New home prices in China rose at their fastest pace in five months in May, complicating government efforts to keep frothy housing markets under control as it rolls out more stimulus for the slowing economy.
Average new home prices in China's 70 major cities rose 0.7% in May from the previous month, picking up from a 0.6% rise in April and the quickest pace since December, according to Reuters calculations based on National Bureau of Statistics (NBS) data on Tuesday.
That marked the 49th straight month of price gains.
Sixty-seven of the total 70 cities surveyed by the NBS reported higher prices in May, the same as April.
On an annual basis, home prices increased 10.7% in May, unchanged from April's growth rate.
Beijing has repeatedly urged local governments to keep runaway prices under control, but a recent easing in credit conditions, pent-up demand for housing, and an implicit government mandate to prevent a collapse have kept the market surprisingly resilient.
But further curbs on home buyers would risk adding to pressure on China's economy, which has seen sales slowing due to weaker domestic demand and an escalating trade war with the United States.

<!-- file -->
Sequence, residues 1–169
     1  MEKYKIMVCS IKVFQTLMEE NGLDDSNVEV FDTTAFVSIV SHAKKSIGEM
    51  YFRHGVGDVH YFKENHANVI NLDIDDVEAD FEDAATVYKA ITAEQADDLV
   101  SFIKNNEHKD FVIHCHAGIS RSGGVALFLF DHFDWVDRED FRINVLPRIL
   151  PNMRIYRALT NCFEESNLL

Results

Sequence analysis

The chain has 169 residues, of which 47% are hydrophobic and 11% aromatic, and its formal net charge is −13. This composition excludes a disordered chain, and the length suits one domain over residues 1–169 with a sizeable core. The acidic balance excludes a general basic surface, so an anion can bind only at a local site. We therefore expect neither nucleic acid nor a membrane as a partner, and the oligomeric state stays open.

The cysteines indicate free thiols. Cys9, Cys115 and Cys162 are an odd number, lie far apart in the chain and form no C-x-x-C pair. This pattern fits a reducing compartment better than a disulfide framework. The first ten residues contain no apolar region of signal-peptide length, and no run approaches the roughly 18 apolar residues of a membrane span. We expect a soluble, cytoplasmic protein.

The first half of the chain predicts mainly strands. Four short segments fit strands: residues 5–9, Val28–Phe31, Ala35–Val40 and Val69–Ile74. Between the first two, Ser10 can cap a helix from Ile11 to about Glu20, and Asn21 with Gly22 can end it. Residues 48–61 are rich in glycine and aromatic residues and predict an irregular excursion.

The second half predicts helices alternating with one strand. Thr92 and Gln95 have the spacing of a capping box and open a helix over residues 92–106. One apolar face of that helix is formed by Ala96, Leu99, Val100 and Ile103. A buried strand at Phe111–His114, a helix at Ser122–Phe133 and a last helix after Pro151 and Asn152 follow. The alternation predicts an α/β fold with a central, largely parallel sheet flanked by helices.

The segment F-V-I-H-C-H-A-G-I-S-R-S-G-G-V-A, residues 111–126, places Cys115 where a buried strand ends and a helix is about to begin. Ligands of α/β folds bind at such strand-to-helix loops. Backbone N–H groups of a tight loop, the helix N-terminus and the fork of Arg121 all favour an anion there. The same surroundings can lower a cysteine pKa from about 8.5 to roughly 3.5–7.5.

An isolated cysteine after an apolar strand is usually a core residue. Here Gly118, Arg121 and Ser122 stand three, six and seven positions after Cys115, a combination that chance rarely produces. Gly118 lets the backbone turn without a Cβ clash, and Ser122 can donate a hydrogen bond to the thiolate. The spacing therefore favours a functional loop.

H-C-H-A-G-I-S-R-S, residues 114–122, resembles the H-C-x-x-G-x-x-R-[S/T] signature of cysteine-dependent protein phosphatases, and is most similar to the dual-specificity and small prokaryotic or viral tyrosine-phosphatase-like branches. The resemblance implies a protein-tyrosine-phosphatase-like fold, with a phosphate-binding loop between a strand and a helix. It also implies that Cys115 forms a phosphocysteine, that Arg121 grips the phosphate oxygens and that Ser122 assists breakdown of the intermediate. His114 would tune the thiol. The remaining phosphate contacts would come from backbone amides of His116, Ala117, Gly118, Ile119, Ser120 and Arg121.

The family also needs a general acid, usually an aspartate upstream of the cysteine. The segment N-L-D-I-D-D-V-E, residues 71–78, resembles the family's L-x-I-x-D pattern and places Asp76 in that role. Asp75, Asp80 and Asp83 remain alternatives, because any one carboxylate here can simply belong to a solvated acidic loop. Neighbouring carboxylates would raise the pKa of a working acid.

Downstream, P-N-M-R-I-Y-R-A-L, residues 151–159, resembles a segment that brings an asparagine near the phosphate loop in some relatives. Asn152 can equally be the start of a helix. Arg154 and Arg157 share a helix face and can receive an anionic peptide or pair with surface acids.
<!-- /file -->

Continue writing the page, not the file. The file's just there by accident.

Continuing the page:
Data last week showed the biggest drop in property sales in nearly two years in May, and markedly slower growth in investment and new construction starts, pointing to further economic weakness ahead and more government growth boosting measures.
China's home price growth has slowed significantly since the second half of 2017 due to intensive local curbs on speculative investments.
But the trends have been uneven across the country, with recent signs of resurgent price pressures. Some smaller cities with rising inventories have quietly loosened restrictions on home buyers to prop up consumer confidence and demand.
Mortgage rates have also been coming down in some areas in response to regulators' calls on banks to ramp up lending to support the economy.
The average interest rate on first home loans continued to drop in May to the lowest level since 2018, according to a market report cited by state-backed Economic Information Daily.
New household loans - mainly mortgages - still remained elevated, totaling 662.5 billion yuan ($95.70 billion) in May, and accounting for 56.14% of total new loans last month.
Higher prices were mainly driven by the smaller tier-3 cities, up 0.8% on a monthly basis compared with a 0.5% gain in April, the statistics bureau said in a note accompanying the data.
Prices in China's four top-tier cities — Beijing, Shanghai, Guangzhou and Shenzhen — saw slower growth in May, increasing 0.3% versus 0.6% growth in the previous month.
Tier-2 cities, which include most of larger provincial capitals, grew 0.6%, unchanged from the rate a month earlier.